I love to read, and very often I find it my biggest source of inspiration. While I always have a piece of fiction on the go, in recent years I have discovered the joys of non-fiction.
The beauty of non-fiction lies in its sheer diversity. One day you could be reading about the sinking of the Lusitania, and the next, about a charismatic neurologist in 1960’s America. It can take you to new places and experiences, in the past or present, or into the minds of some of the greatest thinkers or business people this world has ever known.
Irrespective of what you do for a living, there is always much to be gained from reading about new and unexplored subject matters. Creativity and ideas can sometimes come from the most far flung sources.
So if you are looking for a steer in which non-fiction reads to dip into this Autumn, here are five suggestions…
Do No Harm by Henry Marsh
After a stressful day at work, there’s nothing like reading a personal account of what it’s like to be a brain surgeon, to help put things into perspective. ‘Do No Harm’ is written by one of the UK’s leading neurosurgeons, Henry Marsh, who was made a CBE in 2010. Its striking honesty about the exhilarating drama of brain surgery, the agonising decisions that surround complex or hopeless cases, and the consequences when things go wrong, make it a truly memorable and thought-provoking read. Regardless of what you do for a living, this book will have any career-minded person utterly gripped from the first page.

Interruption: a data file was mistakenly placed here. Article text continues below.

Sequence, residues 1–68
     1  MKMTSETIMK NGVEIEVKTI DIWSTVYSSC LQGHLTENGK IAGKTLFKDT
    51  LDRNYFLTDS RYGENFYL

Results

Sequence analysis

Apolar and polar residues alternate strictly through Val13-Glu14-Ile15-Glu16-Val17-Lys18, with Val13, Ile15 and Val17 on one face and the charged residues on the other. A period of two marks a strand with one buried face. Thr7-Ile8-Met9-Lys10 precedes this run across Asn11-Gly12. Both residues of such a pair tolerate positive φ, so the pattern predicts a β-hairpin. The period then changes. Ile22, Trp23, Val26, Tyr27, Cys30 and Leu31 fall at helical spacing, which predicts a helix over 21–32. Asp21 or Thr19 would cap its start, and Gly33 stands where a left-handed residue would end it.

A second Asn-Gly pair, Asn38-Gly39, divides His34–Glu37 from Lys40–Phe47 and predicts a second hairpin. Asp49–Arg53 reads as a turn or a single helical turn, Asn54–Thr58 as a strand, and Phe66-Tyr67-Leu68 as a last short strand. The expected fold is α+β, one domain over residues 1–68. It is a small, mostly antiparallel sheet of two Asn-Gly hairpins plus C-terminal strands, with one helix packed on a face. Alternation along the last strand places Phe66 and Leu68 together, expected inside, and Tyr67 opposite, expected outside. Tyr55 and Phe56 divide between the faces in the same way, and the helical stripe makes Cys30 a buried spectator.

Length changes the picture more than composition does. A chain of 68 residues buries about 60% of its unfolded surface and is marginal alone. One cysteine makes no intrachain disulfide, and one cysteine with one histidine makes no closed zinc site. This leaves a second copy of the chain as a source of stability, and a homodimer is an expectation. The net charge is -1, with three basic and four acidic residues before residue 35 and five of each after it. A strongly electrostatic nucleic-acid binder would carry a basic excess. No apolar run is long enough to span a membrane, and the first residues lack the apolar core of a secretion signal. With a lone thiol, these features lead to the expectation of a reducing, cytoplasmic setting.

Marsh has an easy, colourful way of writing, and his book truly brings to life the chaos of working in a busy NHS hospital, the personalities he encounters, and the impact his career has had upon his personal life. He tells every patient story with compassion and candour, shining a light on a profession which is typically shrouded in mystery. Above all, he stresses the human fallibility of himself and other brain surgeons, and evidences the unimaginable decisions they must make on a daily basis, and the times when they get it wrong. All of this is told with good humour and not a shred of arrogance. Some of the insights he gives into the NHS and its management is truly enlightening.
Sapiens: A brief History of Humankind by Dr Yuval Noah Harari
When you can look back at the last 100,000 years and see everything that’s shaped you as a person and the society you live in, many things click into place.
In Sapiens, Harari delves deep into our history as a species and considers how we, homo sapiens, succeeded in the battle for dominance, and how we have developed into what we are today. Why did our foraging ancestors come together to create cities and kingdoms? How did we come to believe in gods, nations and human rights; to trust money, books and laws; and to be enslaved by bureaucracy, timetables and consumerism? And what will our world be like in the millennia to come?
Harari’s writing is witty and eloquent. It’s a truly engrossing read which you won’t want to put down, and will keep you thinking long past you’ve finished it. The scope of the book is immense, and if you are looking to be intellectually challenged and enlightened, outside of your career, this is the ideal non-fiction book to pick up.
Aha! The moments of insight that shape our world by William B. Irvine
Moments of inspiration can sometimes be life changing, or even world changing, but very often we have no clear explanation of where they came from.